8th – 10th February – Cerulea reserve Colombia   Leave a comment

After our late arrival at Cerulea, a reserve set up to preserve the wintering grounds of the increasingly rare Cerulean Warbler, we were woken up by torrential rain during the night. We spent much of the first morning watching the hummingbird feeders from the shelter of our veranda and scored with several rare species.

 

P2080188-Rod

Rod watching birds from the comfort of the veranda.

P2080191-Cerulea-road

It looks like the road to Cerulea could disappear after another downpour.

P2082648-Scrub-tanager

Scrub Tanagers are fairly common in secondary growth.

P2082649-Thick-billed-Eupho

Thick-billed Euphonia male

P2072638-Bannaquit

A colourful, if common bird is the Bannaquit. As it has no close relatives it has been placed in its own family.

P2072636-White-necked-jacob

The rain didn’t affect the hummingbirds which could be watched coming to the feeders from the shelter of our veranda. This is the widespread White-naped Jacobin.

P2072630-Cinnamon-rumped-Hu

Cinnamon-rumped Hummingbird is much rarer and was a life bird for me.

Later we made our first of three hikes up the hill to the reserve proper. An extensive set off hummingbird feeders in the forest allowed views of shyer species like Black Inca , but by far the best birds were the two Gorgetted Wood-quail seen feeding on the track. Wood-quails are usually ‘heard-onlys’ and this is only the second time I have seen any wood-quail species.

P2080214-Black-Inca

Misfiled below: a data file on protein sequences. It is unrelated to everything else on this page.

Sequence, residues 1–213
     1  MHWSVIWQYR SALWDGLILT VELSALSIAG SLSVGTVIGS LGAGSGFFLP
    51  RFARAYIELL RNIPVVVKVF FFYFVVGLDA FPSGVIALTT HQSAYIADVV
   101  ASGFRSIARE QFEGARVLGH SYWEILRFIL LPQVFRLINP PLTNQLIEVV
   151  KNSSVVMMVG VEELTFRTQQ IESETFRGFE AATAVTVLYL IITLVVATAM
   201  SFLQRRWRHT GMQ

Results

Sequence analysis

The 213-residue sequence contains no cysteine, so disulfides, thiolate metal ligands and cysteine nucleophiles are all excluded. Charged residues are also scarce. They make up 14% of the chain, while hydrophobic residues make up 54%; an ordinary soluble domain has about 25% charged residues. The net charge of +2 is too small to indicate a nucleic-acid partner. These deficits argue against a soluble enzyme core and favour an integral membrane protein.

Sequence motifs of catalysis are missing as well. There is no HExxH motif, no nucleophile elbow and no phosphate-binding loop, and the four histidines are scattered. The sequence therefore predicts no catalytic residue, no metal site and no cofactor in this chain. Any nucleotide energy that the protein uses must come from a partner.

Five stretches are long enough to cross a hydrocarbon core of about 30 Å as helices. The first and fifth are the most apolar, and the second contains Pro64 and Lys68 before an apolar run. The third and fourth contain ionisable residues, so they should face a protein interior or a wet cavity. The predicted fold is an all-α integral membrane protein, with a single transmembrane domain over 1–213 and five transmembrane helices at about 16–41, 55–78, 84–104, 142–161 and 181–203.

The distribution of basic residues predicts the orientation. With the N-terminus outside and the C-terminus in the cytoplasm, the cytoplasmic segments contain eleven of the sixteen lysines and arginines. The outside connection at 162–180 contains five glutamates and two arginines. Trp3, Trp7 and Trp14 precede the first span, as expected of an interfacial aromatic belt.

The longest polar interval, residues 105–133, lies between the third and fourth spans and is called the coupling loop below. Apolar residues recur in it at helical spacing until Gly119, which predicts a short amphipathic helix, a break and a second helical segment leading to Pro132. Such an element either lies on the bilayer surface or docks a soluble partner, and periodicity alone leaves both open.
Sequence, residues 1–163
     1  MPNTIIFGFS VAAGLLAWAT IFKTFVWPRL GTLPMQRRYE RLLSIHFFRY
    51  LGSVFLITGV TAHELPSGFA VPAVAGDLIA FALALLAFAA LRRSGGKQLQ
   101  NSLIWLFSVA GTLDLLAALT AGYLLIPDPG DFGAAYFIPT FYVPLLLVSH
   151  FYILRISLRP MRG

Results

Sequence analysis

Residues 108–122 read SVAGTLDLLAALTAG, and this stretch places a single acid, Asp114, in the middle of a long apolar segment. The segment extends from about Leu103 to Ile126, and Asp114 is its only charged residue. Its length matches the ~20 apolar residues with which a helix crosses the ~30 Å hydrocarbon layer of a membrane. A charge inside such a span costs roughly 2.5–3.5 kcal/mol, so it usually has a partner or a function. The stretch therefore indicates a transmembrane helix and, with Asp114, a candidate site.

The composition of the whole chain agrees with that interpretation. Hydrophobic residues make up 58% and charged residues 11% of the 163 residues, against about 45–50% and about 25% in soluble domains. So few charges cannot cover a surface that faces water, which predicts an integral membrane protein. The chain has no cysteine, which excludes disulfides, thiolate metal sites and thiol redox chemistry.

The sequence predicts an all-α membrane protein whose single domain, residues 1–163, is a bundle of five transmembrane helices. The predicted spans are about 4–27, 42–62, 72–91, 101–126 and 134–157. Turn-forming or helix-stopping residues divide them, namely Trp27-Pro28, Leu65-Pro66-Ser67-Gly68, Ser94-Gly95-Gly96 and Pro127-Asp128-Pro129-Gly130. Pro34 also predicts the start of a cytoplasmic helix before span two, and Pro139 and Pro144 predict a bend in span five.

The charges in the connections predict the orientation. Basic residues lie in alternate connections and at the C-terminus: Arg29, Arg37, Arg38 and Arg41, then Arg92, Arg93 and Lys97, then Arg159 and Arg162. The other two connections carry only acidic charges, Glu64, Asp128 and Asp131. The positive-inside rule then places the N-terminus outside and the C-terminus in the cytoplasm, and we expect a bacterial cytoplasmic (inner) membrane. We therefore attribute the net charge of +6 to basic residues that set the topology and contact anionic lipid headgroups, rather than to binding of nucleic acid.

A climb of 300m up the hillside took us to some primary forest where we saw a range of goodies like Gorgetted Wood-quail and this Black Inca. A large hummingbird feeder inside the forest makes these elusive hummers easy to see., even if the light conditions weren’t optimal for photography.

P2080215-Violet-crowned-woo

The metallic colours of this Violet-crowned Woodnymph are brought out by the flash.

Over the next two days we made two more visits to the forest, making the tough ascent before dawn. We saw some wonderful birds like Brown-billed Scythebill, Highland Tinamou, Bicoloured Antvireo and Yellow-throated Spadebill, all lifers for me and none of which I photographed. As I indicated earlier my old Lumix camera is giving up the ghost and I have taken very few quality pictures with it and soon after this I gave up on it completely. I have ordered a replacement which I hope arrives soon.

Posted March 4, 2013 by gryllosblog in Uncategorized

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